The Boston Red Sox selected 10 outfielders in the 2011 MLB Draft, including Senquez Golson, a bright-eyed centerfielder from Pascagoula High School in Mississippi. This was no throwaway pick: the Red Sox selected Golson in the eighth round, two picks before Kyle Hendricks, a legitimate ace pitcher who helped the Chicago Cubs to a World Series title last season, and a full round before Travis Shaw, a rock-solid utility man who is currently the best player on a potentially playoff-bound Milwaukee Brewers squad.
Golson, having already committed to the University of Mississippi to play cornerback for Houston Nutt’s Rebels, declined to sign with Boston. At Ole Miss, Golson quickly established himself as one of the best defensive backs in the country, setting a school record with 10 interceptions in his senior season. His success translated into a second opportunity to play professional sports, this time with the Pittsburgh Steelers, who selected Golson in the second round of the 2015 NFL Draft.
Given what has transpired since—namely, two season-ending injuries in 2015 and 2016 and a third injury this season that could effectively end his Steelers career by virtue of a release—it is fair to wonder if Golson believes that he made the wrong choice. The Red Sox, who are currently 73-53 and have a five-game lead in the AL East, are a strong World Series contender. In some alternate universe, maybe Golson somehow beat out current All-Star centerfielder Jackie Bradley Jr. for the starting gig, won a ring in 2013, and is currently a key component of one of the most dangerous teams in baseball. (I like to imagine that in this universe Tom Brady retired at age 35 to be a full-time gardener).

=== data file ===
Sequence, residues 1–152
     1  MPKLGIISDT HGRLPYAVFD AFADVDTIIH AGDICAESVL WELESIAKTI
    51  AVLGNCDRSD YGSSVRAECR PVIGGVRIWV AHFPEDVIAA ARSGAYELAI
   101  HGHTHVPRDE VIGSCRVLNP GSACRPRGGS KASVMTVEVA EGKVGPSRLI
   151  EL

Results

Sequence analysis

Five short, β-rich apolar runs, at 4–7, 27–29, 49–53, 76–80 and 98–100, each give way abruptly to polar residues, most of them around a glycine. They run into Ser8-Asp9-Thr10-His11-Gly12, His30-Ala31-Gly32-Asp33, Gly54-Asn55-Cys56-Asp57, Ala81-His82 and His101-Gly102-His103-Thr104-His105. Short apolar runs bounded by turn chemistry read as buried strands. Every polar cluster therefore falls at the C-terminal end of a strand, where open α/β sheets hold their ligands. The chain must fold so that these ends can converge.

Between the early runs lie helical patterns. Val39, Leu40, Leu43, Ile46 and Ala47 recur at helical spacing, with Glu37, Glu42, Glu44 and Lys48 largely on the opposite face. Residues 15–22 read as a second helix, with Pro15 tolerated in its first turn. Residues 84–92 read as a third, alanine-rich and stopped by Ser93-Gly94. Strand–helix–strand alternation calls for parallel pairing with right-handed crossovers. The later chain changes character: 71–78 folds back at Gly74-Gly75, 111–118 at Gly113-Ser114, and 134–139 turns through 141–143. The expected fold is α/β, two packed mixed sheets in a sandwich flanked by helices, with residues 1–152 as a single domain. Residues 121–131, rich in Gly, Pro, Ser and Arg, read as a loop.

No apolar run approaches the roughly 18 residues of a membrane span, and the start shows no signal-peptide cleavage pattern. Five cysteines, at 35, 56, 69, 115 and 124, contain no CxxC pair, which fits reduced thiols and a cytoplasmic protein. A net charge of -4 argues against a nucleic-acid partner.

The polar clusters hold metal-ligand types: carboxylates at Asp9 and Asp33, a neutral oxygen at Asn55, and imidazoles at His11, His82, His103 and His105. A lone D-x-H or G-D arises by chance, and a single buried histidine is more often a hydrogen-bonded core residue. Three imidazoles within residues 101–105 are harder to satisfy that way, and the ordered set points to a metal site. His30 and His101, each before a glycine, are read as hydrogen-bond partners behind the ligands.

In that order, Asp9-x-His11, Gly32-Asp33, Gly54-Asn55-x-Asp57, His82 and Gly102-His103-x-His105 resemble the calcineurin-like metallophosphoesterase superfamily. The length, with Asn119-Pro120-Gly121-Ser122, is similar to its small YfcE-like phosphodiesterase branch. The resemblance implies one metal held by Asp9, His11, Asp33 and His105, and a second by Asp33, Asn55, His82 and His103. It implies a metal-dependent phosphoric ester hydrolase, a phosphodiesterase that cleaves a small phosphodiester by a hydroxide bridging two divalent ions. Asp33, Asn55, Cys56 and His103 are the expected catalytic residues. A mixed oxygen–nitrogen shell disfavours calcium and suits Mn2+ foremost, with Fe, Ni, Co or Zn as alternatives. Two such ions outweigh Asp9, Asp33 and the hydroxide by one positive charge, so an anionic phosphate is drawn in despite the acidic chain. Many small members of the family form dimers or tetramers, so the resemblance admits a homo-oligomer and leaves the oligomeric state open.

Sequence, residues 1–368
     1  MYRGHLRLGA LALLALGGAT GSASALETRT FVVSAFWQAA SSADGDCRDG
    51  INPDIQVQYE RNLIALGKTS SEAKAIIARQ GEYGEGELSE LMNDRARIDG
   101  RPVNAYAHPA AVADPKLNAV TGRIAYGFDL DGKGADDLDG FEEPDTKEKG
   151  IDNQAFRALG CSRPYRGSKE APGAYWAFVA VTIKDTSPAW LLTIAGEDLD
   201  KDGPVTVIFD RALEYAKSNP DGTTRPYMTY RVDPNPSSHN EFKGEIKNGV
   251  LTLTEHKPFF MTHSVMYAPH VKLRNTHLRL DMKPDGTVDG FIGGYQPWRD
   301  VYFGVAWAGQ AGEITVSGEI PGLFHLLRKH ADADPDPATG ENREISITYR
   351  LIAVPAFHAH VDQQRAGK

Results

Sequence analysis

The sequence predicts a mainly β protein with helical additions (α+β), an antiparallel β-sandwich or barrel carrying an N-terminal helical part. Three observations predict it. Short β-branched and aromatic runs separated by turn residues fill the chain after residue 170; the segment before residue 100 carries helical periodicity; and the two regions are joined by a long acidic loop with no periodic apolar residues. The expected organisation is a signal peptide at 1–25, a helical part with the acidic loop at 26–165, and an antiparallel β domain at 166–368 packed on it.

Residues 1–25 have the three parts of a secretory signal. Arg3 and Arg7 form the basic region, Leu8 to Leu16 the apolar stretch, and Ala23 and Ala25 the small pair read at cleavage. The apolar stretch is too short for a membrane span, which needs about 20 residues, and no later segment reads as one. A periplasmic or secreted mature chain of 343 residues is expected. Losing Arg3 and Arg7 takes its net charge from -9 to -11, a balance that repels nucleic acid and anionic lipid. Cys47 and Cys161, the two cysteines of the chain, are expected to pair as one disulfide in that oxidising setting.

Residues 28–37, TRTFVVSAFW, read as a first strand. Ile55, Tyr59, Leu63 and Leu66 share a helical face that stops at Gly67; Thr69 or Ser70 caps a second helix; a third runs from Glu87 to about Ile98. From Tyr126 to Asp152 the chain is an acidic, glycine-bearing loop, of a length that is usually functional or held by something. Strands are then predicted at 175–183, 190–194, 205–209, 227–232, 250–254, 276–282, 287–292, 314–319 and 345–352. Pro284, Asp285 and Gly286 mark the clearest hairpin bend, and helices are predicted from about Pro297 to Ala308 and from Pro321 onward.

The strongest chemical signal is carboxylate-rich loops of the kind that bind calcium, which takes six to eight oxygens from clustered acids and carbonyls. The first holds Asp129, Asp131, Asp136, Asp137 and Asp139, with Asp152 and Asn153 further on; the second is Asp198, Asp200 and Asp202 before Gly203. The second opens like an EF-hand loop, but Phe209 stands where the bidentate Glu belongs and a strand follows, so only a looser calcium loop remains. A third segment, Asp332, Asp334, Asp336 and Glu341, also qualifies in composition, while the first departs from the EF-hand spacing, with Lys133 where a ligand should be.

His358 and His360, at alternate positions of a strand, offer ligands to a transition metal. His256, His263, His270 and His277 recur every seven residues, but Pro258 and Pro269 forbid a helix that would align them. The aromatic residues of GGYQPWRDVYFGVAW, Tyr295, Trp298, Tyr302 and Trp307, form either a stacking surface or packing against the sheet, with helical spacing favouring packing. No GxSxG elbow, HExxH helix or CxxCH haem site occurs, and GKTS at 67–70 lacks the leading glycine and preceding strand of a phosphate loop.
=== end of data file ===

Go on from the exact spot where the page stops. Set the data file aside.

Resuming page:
In our universe, though, Golson is one of 11 cornerbacks fighting for a roster spot on the Steelers. Golson, unlike the other 10 cornerbacks on the roster, is enigmatic in the sense that we have no baseline from which to judge his abilities. His professional career has been entirely subverted by injuries, which, if we’re being honest, isn’t even his fault. In the spirit of baseball, let’s use a topical baseball example: on Wednesday, Los Angeles Dodgers pitcher Rich Hill pitched eight perfect innings against the Pirates before losing his perfect game on an infield error in the bottom of the 9th inning. This sucked, but at least his no-hitter was still intact. Remarkably, Hill did no-hit the Pirates in theory, but not in actuality, thanks to the fact that his Dodgers teammates, who are the baseball version of the Golden State Warriors, scored exactly zero runs. Hill, seeking to extend his no-hitter into extra innings, gave up a walk-off home run to Josh Harrison in the bottom of the 10th inning, which was the first hit that he allowed in the game. For context, this dude pitched nine innings of no-hit baseball (eight of which were perfect!) and ended up taking a loss. The point is that sometimes you do everything right and still hold an L. Existence is pain.